Storytelling? Spend a bit more time on normal

by | Jul 18, 2017 | Organizational Leadership, Storytelling | 0 comments

Last week at the National Speakers Association conference, I was able to hear Kindra Hall teach on storytelling. As a producer of the Nonprofit Storytelling Conference, I have heard a lot of people speak on storytelling. Kindra is one of the best.

Normal, Explosion, New Normal

One of the most helpful things I learned in Kindra’s talk was her reframining the basic story structure of every story having “beginning, middle, end.” Instead, she encouraged us to think of these as “normal, explosion, new normal.”

  • Something is going along as normal
  • Then an explosion happens
  • After a while, a new normal resuts

During her talk, she said, people don’t spend enough time on the “normal” so listeners don’t get the chance to even care.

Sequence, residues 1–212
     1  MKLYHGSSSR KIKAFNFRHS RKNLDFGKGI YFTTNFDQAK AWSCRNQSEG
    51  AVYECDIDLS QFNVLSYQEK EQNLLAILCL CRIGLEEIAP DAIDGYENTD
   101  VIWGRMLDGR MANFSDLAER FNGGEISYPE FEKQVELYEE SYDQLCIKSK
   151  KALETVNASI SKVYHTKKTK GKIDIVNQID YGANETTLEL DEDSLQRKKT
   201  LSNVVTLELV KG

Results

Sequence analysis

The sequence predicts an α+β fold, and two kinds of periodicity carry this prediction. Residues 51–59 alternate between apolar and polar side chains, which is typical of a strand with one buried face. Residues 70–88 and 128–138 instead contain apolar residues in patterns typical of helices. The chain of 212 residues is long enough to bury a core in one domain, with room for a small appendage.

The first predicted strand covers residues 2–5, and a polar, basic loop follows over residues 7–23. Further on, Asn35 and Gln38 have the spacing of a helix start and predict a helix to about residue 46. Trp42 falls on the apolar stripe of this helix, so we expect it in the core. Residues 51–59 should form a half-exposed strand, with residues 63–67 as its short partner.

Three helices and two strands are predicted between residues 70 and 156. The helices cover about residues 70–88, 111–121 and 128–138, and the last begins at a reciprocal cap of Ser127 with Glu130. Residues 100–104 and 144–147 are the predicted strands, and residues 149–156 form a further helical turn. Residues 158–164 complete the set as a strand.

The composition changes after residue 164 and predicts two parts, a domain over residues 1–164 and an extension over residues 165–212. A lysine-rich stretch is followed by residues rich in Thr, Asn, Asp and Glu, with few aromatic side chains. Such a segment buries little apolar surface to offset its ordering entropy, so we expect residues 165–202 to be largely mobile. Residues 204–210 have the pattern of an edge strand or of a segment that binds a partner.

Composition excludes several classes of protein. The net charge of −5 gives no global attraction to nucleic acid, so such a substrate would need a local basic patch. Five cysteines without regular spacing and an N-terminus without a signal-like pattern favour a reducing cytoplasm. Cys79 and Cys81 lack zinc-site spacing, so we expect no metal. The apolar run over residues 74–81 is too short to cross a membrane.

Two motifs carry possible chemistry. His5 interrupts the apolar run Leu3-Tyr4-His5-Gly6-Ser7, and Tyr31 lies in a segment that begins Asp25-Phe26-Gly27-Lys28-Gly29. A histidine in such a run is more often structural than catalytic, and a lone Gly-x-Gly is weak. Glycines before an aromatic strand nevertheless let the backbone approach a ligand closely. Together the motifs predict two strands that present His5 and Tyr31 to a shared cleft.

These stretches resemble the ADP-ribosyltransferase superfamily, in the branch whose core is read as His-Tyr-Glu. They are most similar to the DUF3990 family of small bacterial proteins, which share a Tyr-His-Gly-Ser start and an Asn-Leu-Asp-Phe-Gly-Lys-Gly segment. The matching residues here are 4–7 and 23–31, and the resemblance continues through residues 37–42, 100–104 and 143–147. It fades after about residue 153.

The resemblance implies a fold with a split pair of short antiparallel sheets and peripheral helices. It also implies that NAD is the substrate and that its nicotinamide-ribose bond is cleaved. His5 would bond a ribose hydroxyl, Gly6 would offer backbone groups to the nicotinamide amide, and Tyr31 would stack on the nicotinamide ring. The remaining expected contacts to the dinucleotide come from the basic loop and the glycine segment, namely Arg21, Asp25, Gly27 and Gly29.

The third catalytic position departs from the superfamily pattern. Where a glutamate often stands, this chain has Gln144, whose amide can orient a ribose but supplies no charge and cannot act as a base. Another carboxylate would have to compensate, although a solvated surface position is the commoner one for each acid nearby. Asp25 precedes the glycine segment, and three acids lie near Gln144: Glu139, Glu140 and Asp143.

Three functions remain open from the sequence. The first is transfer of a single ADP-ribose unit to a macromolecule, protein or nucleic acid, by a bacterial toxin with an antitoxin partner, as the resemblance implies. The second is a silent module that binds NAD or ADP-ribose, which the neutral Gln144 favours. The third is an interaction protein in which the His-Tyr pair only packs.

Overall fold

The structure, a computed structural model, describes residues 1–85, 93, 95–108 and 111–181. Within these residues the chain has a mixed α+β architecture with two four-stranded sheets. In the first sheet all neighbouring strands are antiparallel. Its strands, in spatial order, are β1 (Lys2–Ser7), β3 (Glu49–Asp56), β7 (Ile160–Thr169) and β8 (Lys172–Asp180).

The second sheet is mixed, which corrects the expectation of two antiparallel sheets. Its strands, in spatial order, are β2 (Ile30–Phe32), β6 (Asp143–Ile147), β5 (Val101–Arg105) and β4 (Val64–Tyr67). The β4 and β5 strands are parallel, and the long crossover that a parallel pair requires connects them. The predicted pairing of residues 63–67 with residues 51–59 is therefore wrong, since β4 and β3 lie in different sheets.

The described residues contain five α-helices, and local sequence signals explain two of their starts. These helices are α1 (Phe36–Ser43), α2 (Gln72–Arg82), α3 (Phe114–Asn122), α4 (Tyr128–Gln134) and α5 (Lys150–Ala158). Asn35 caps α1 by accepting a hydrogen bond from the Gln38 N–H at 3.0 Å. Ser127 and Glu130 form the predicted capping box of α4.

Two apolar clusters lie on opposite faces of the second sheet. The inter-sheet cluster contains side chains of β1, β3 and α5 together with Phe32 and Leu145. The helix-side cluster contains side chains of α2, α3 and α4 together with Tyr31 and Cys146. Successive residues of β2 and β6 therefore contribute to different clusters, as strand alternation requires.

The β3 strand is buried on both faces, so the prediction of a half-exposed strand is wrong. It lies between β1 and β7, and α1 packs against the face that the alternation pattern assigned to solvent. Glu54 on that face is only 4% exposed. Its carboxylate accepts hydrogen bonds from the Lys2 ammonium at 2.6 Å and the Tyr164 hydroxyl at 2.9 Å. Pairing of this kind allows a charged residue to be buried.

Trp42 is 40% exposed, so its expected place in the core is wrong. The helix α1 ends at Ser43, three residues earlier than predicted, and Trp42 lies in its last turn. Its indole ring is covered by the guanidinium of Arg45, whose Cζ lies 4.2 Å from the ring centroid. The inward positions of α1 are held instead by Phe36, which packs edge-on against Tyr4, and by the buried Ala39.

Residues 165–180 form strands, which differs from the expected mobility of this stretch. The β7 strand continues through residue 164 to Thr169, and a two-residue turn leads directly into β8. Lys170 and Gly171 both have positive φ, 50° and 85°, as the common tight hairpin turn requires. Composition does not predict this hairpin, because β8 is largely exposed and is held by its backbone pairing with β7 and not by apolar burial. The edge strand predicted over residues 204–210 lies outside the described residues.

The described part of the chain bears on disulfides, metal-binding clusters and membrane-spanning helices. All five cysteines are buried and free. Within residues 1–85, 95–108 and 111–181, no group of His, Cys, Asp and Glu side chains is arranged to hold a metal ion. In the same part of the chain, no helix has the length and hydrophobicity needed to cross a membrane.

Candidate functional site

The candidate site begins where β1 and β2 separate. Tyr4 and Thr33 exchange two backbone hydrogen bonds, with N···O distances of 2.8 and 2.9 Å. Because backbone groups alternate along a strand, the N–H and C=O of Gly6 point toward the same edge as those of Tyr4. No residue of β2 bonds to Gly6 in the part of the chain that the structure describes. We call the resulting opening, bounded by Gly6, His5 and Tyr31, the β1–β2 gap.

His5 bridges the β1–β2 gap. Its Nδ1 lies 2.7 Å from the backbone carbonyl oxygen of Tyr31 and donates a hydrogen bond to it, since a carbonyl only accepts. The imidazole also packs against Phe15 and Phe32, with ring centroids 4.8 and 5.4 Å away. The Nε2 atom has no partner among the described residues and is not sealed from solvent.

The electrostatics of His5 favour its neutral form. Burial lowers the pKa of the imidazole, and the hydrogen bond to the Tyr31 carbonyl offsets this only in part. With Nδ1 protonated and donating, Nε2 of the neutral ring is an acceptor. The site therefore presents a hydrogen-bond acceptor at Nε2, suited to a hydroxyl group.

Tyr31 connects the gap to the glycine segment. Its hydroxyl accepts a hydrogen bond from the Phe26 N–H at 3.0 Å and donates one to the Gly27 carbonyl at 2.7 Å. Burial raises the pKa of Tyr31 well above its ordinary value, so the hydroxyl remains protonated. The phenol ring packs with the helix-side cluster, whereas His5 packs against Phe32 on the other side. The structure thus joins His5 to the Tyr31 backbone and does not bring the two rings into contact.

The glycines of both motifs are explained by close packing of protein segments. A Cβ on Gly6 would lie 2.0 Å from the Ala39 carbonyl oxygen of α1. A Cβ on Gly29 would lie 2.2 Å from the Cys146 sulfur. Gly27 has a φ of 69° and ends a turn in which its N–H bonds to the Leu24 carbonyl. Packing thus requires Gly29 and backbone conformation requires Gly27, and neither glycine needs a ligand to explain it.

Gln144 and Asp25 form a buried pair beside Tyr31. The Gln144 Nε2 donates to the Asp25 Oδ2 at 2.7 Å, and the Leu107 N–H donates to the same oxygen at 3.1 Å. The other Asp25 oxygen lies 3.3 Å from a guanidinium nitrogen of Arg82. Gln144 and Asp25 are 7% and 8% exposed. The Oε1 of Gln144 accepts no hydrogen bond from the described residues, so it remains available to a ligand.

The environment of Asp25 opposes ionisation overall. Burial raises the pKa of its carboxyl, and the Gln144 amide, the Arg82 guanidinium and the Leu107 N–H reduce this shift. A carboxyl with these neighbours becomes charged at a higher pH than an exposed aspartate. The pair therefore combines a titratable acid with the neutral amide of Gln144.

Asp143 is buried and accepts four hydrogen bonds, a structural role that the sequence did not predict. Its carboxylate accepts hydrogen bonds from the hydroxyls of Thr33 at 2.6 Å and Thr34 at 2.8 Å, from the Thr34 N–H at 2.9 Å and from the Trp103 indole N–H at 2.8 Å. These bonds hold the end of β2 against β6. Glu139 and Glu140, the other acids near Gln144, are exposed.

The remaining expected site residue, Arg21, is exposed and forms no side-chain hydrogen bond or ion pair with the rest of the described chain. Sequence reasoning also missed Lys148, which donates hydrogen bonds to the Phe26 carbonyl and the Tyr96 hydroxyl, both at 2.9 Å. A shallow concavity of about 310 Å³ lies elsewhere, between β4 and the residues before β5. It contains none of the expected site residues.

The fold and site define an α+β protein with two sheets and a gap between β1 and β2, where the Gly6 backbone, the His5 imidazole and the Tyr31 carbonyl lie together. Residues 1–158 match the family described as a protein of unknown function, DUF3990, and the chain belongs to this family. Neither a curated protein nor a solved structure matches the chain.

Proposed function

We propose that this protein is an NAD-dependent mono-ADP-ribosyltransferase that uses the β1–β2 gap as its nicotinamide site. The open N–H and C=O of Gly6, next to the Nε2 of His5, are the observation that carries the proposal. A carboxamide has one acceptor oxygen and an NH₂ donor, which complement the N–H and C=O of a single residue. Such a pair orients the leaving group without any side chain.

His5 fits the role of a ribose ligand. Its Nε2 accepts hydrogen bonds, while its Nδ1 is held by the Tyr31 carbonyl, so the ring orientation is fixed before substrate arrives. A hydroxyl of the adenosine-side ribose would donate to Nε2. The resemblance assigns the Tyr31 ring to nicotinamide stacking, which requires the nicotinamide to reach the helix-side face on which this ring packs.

Nonprofit leaders need to hear this.

It’s about caring, not scaring

Nonprofit leaders tend to live in the normal and explosion. Whether it’s the people they help, the pets they rescue, the land they conserve, the normal wasn’t good and then something got worse. A drug addict almost overdoses. The abused pet is kicked out of the house. The polluted land becomes an unofficial dumping ground for others.

We are so familiar with the storm clouds of the “normal” and violent force of the “explosion,” we want to rush to the sunshine of the “new normal.” We want to show the glorious transformation. The brand new person helping others. The rescued pet in a little child’s arms. The reclaimed land filled with wildlife.

But in skipping the “normal,” we don’t give people time to care. The people we’re communicating with – donors, community members, even board members – don’t live in the normal and explosion reality that we do. It’s our job as leaders to help them care.

The only way they’ll care, is if we talk about the normal.

Are you helping people care?

Take some time with your team to look at the stories your nonprofit is telling. Are you helping people care?

If not, consider painting a more clear picture of the “normal” for the people, animals, or cause that you serve.

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